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Okapuka feedlot faring well

Okapuka feedlot  faring well

Despite the on going drought, the Okapuka feedlot has emerged as a major contributor to Meatco’s position, as Namibia’s largest beef exporter. Meatco showed a 9.1 % increase in slaughtered cattle, bringing about an increase in producer prices for the 2014 to 2015 period.
The feedlot was responsible for the 32 350 additional animals that Meatco put to slaughter on top of the projected 78 000 for the year; this intensive beef production can lead to efficiency gains if the production system has a sufficient scale of operation.
In 2015 the feedlot moved 32 350 carcasses, 24 428 in 2012 and 15 005 in the year 2010.
This production system also benefits the surrounding community due to the relatively high requirement for labour, contributing to an increase in Meatco’s workforce.
According to Meatco’s Senior Feedlot Manager Andries Binneman, markets for Namibian beef are very important. Before investing in a feedlot, it is essential to investigate and establish a market for the beef to market destinations such as Norway.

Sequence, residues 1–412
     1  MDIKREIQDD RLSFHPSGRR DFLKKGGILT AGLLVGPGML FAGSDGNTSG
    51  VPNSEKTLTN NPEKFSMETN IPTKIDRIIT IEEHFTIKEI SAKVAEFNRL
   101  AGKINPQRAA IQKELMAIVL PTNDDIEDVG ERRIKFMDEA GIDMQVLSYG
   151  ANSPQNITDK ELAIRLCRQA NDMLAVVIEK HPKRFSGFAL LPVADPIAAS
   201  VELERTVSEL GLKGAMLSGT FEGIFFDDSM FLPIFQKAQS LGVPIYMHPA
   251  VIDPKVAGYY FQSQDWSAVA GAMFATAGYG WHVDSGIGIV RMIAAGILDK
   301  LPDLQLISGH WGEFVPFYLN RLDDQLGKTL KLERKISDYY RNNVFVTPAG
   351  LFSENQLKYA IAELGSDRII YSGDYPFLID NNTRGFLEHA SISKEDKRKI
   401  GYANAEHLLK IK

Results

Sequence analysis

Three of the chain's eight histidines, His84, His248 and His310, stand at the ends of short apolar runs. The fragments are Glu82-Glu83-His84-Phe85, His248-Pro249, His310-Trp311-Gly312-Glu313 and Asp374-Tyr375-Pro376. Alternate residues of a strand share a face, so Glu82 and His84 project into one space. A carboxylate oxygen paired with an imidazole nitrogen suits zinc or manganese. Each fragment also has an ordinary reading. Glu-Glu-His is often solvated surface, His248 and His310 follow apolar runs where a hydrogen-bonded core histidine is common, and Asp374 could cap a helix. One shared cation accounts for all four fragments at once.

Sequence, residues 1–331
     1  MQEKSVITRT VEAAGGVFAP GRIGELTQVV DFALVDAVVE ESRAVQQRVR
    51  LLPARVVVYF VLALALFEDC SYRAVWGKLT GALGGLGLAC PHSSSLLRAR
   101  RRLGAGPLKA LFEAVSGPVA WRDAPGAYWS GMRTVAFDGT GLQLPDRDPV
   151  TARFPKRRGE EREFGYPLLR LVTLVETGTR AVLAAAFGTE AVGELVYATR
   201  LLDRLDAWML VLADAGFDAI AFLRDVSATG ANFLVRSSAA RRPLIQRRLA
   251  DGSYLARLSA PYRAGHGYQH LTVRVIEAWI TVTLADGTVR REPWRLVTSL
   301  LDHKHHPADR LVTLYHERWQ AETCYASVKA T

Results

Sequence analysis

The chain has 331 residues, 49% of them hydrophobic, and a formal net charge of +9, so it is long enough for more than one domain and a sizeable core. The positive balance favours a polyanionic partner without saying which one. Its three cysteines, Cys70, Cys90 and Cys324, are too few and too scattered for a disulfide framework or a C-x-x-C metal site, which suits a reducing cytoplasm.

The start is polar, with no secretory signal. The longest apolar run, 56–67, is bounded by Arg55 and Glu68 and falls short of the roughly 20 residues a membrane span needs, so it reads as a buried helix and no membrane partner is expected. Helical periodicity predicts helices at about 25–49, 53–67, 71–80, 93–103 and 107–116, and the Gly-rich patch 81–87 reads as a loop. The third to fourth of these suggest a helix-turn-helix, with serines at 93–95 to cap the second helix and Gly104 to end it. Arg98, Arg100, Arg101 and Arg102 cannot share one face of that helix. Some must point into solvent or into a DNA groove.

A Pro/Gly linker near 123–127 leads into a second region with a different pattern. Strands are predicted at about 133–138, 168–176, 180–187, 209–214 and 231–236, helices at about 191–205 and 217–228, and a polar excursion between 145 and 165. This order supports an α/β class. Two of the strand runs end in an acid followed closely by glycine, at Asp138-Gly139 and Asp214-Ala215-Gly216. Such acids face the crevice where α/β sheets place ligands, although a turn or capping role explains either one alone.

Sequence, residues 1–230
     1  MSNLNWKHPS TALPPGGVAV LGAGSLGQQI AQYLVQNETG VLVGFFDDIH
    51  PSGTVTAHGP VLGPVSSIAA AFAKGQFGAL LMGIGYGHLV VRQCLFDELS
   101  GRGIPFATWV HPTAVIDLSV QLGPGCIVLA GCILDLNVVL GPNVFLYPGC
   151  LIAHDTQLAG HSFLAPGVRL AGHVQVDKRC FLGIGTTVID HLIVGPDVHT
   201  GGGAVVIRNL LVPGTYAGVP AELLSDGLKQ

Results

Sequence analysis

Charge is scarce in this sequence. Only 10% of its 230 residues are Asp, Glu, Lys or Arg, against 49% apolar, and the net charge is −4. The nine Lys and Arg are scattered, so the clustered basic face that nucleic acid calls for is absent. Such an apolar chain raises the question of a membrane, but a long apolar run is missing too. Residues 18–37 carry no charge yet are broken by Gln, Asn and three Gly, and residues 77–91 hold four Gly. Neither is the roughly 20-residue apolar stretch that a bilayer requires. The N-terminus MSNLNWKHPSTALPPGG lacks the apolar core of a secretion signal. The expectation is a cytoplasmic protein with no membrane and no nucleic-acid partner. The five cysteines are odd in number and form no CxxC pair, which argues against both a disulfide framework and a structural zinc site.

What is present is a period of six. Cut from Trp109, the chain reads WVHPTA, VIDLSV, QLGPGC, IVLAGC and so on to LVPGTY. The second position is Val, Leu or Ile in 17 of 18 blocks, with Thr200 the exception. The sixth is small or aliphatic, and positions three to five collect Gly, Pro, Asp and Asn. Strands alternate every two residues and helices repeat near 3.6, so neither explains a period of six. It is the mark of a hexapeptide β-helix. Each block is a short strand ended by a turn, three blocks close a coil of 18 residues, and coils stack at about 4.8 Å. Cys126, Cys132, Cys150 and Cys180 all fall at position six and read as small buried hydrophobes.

Binnemann added that the components needed for producing beef should be based on the requirements of the target market. Factors that need to be considered include feeding regimes, animal genetics, product price, animal welfare and investment in infrastructure. In order to minimise associated risks and increase market security, it is important to maintain a close relationship with the target customer. “The animals at the feedlot are hormone free, antibiotic free and BSE free, to mention a few of the standards that we maintain due to the relationship Meatco has with its producers, clients and other stakeholders,” Binneman said.
An advantage of feedlot cattle is the ability to produce animals that are uniform in both weight and fat score. This enhances the capacity for forward selling or contracting as a suitable marketing option.
“The feedlot enables Meatco to slaughter high quality beef throughout the year, which allows consumers to enjoy quality beef 12 months of the year,” Binneman added.

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